New York City Chief Analytics Officer Amen Ra Mashariki is leaving his city position to take a job with the mapping and data analytics company Esri, following from his desire to return to a career outside of government while still having a focus on public service.

Mashariki, a Brooklyn native, was the second person to fill the position that Mayor Michael Bloomberg established with the appointment of Michael Flowers.

Mashariki, who joined the administration in October 2014, said he had been interested in returning to the private sector or academia after kicking off his government service as a White House Fellow. “It was never sort of a long-term plan for me to stay in government," he told City & State. “Esri sort of embodies that concept of being in the private sector but also having a public service bone.”

He became familiar with the company in part through his efforts to look for more ways that agencies could share data. He realized that many different agencies already had existing contracts with the company, and on the city's invitation, representatives from the company provided guidance on a pro-bono basis on ways to tie those somewhat disparate efforts together by sharing maps and data.

"Being around a small amount of the Esri employees you begin to see the passion, the same passion (I saw in) my team and ... and all of the great (tech) teams around City Hall,” he said. "The core of what they did was show us how to use technology the city has already invested in more efficiently."

The effort resulting in a "buildings intelligence tool" prototype focused on responding to emergencies. "We created ... real-world scenarios ... a scenario could be there's a blackout in a (specific) section of Brooklyn. We need to identify all of the buildings that have elevators that are stuck and identify fast and efficient ways to get to those buildings and unstick those elevators," he explained.

Mashariki, who will be moving back to D.C., said he did not expect to engage much with New York City government even beyond the one-year waiting period stipulated in city Conflicts of Interest Board guidelines, and suggested his new role would be about encouraging urban analytics projects especially in smaller cities with fewer resources.

On Wednesday evening, Mashariki is scheduled to recap his open data work at a public event at Civic Hall.  "We're thinking about open data differently than any other city, even the federal government at this point, New York City is way, way out in front,” he said.

James Perazzo, deputy director for Strategic Management at the Office of Operations, will be acting director of the Mayor's Office of Data Analytics, in addition to his existing role.

"We are sorry to see (Mashariki) leave. He is a smart, dynamic, hardworking, technologist who completely understands the potential of open data as tool to empower both the public and people in government," John Kaehny, executive director of Reinvent Albany, wrote in an email. "We hope the Mayor's Office mounts a serious search for a worthy successor. (His) legacy is 'open data for all' which is a philosophy of making open data a useful everyday tool for New Yorkers who are not part of the data elite, but just people who want to know what the city government is doing and how their city works.”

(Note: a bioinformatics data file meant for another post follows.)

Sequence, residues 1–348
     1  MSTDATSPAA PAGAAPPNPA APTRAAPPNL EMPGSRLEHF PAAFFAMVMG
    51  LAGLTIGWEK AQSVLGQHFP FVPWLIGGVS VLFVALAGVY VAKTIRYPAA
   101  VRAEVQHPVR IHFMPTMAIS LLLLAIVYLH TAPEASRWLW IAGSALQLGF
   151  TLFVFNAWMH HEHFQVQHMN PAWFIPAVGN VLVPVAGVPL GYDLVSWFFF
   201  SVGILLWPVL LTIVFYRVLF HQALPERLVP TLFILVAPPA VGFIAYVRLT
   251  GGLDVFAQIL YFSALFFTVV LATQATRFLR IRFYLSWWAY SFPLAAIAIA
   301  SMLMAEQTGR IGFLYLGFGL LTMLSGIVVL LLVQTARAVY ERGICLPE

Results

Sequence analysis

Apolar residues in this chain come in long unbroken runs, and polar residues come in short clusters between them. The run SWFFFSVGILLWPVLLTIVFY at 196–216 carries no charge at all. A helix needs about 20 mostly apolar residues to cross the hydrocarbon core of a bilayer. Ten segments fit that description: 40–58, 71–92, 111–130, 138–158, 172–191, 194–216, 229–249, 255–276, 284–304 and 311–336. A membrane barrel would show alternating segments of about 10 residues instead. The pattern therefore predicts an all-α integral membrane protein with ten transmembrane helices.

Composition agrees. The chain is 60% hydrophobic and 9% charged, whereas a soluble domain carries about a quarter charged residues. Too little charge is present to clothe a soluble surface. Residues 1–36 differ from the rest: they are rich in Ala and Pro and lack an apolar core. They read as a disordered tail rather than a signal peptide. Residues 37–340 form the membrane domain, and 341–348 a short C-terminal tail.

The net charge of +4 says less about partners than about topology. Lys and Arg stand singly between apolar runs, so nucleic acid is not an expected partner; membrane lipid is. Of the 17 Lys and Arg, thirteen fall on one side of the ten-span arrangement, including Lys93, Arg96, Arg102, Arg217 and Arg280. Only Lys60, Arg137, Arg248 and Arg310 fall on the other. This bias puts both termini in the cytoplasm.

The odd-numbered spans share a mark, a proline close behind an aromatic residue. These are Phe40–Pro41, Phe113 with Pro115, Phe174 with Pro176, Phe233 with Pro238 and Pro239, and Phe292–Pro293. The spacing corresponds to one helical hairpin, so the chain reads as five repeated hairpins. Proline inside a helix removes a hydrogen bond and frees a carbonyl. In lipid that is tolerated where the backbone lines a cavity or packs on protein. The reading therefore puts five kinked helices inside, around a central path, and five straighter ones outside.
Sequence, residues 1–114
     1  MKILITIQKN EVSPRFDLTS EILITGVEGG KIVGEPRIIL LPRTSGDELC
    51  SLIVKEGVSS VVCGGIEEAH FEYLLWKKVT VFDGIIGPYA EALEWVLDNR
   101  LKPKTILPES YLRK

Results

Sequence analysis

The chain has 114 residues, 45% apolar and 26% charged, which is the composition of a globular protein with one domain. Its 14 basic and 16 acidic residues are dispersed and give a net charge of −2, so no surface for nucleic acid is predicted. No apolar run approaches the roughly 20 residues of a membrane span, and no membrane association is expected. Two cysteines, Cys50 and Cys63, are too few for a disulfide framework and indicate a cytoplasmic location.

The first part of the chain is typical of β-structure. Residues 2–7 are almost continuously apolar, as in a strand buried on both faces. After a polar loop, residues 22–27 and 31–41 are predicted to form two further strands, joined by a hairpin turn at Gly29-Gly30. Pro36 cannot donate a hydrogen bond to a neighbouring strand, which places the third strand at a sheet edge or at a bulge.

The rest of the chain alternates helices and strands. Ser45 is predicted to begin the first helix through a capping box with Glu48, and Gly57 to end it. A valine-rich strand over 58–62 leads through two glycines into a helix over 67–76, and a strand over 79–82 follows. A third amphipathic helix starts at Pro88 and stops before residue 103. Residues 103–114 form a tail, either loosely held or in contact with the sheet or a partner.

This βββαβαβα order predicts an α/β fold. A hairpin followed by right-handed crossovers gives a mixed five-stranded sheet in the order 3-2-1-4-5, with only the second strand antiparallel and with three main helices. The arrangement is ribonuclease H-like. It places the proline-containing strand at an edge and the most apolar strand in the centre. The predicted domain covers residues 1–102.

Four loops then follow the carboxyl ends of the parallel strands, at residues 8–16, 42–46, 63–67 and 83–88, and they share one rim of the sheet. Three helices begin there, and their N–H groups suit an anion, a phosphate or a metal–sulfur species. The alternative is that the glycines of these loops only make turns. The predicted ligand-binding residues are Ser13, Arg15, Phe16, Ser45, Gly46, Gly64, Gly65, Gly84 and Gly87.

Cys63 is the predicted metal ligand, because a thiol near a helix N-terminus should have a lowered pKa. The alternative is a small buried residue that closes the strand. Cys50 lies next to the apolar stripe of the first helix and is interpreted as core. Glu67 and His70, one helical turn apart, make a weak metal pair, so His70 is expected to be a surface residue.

Noel Hidalgo, executive director of civic technology group Beta NYC, said in statement that Mashariki would be missed. "While we are thankful on the office's new focus on open data,” Hidalgo said, “we hope the next head will have the political and technical resources to continue to improving open data while growing the role of the Chief Analytics Officer."

Mashariki's exit follows the departure of Chief Digital Officer Sree Sreenivasan, as first reported by Politico New York. "Moving forward, it was a natural fit to centralize Digital Strategy under the Chief Technology Officer (CTO), Miguel Gamino, and we’re excited about the incredible progress that will continue," Ben Sarle, deputy press secretary, said in a statement about Sreenivasan’s departure.

Sreenivasan had joined the administration last August, reporting to Deputy Mayor Alicia Glen. At the time, Kaehny had criticized the divergent aspects of the CDO's portfolio, encompassing both public digital engagement and acting as a liaison to technology start-ups and more established companies such as Uber.

Responding to the latest shift, Kaehny argued that all agencies should have a chief content officer focused on providing information and data to the public beyond a press officer that a chief digital officer could coordinate, and that the move to the CTO was likely a better fit for the position.  "The move may make things a little better in the city's digital world, and probably not worse," he wrote.

Julie Samuels, executive director of Tech:NYC, offered a similar assessment.

"To the extent that things will be more centralized, that actually might be helpful for people trying to deal with the city, I think in the past there has been some confusion ...," Samuels said. "So consolidation might be efficient and effective in that way."